Thursday, September 11, 2008
Julie's search for a little photographic respect...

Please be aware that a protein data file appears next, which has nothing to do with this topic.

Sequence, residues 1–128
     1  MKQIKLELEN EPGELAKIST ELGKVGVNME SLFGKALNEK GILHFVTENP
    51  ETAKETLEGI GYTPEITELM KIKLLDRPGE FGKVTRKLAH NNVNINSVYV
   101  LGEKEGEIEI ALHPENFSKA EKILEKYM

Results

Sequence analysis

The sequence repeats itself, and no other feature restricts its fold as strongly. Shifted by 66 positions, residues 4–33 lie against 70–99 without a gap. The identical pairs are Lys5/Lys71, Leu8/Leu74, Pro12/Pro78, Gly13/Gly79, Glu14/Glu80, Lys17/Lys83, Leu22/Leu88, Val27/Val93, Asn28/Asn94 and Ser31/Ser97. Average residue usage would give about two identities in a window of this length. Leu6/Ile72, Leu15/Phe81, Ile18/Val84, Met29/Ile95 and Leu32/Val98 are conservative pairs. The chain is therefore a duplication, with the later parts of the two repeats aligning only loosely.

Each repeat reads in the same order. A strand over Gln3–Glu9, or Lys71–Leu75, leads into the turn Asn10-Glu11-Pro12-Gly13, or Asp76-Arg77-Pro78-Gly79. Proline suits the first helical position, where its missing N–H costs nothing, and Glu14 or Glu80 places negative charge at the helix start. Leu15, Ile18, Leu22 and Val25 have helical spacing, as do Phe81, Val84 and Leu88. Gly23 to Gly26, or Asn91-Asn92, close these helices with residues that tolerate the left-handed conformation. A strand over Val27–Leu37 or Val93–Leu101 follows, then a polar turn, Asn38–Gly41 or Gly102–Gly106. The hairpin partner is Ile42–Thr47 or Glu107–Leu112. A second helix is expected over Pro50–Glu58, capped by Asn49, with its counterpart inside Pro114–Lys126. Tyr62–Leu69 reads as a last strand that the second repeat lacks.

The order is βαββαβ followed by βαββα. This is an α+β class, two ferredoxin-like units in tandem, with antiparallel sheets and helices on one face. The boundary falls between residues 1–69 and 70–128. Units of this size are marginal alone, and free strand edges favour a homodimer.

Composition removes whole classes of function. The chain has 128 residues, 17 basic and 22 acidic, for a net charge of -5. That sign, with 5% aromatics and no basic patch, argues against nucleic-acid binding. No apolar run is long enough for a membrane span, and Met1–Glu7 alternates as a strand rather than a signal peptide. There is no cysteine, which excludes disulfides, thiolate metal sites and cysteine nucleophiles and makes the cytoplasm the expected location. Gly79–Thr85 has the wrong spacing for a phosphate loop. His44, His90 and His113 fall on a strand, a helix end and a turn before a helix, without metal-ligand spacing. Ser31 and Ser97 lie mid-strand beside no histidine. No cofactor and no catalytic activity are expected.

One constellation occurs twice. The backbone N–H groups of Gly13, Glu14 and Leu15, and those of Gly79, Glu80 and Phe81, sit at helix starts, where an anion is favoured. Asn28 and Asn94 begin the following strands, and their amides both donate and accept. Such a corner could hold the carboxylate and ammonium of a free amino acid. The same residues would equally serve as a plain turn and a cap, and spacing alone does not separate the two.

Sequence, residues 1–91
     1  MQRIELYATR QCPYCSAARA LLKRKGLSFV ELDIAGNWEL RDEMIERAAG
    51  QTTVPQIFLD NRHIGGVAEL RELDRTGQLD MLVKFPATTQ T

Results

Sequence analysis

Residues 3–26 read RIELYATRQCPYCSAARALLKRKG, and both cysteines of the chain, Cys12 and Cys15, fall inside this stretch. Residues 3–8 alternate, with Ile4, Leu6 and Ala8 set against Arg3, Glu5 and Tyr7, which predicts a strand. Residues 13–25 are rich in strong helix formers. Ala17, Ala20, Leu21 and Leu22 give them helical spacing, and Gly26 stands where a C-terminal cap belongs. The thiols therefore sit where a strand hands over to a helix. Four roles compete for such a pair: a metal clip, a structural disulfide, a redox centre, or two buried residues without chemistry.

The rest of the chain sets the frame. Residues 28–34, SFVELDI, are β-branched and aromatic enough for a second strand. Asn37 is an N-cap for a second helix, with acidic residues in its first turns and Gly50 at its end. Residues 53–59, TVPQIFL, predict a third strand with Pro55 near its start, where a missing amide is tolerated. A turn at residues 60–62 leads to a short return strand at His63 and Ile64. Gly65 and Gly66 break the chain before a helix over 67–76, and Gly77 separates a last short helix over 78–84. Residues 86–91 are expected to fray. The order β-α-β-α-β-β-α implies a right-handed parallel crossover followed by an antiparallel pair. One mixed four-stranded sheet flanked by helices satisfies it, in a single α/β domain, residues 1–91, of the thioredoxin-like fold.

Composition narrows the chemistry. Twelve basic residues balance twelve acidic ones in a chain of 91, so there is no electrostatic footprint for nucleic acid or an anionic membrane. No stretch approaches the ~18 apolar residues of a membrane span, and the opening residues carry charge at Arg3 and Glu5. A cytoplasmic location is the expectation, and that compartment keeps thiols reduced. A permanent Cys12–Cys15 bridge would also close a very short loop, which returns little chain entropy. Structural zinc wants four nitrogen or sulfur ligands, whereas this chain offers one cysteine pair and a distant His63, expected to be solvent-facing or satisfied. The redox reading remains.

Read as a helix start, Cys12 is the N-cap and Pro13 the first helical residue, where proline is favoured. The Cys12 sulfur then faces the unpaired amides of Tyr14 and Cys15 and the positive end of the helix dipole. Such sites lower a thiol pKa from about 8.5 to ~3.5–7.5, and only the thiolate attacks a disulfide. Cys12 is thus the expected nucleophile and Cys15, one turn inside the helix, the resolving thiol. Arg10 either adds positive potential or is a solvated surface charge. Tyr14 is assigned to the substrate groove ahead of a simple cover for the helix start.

This may be a tad bit off the topic of the Crop, but it is definitely something that needs to be addressed. One of the hazards of working on an event such as this is that you will do just about anything to make it be successful. That means: allowing your friend and co-organizer to slap photos of you all over the worldwide web. For those of you who have visited our humble little blog more than once, you may have noted an often changing header photo. Let me point out that we are charity minded. That extends to the way we treat our friends. Poor Julie. If you have been paying attention, you will have seen that Julie has suffered mightily for our cause. The header photo has been changed frequently in an attempt to capture a photo that represents us and the Crop, but also that represented Julie in a state much closer to the real thing. That means: not looking like one or all of the following: very angry, very "challenged", or like a stalker (as in the last header photo where we are posed with the giant Cricut cricket at CHA Chicago). Like I said: poor, poor Julie. She suffers from a complete inability to be photographed in her natural state. Seriously. And now she is getting a complex. The whole time we were at CHA, Kim (who is a bit of a photography nut) kept snapping pictures all over the place. Everytime she took one of Julie she would look at the resulting photo on the screen and go "Nope." or "Yeah, that's not good." So, you can see why this has become a bit of a hurdle for Julie. Now whenever anyone goes to take a picture, she freezes like a deer in the headlights. She reminds me of my kids. If they know I am going to take a picture, they suddenly lose all natural control of their facial muscles and they come off looking like a jack o' lantern with one eye shut and a stiff, cheesy grin on their face. Now, before you think I am being unkind to Julie, you have to know that I am changing these photos per her request. The first step towards healing is always acceptance. And Julie has definitely come to accept that she has a slight "photographic problem". So, please, tell her how nice she looks in the new photo. We will be doing an intervention soon where I'll tie her to a chair and we'll snap flashbulbs in her face until she relaxes out of sheer exhaustion. I'll keep you up to date with her progress. So, I think it is only fair that I give you the following photos for your consideration. Kim, who is undeniably the most photogenic of the group, did a little posing in our hotel room as "Super Scrapper"! Enjoy!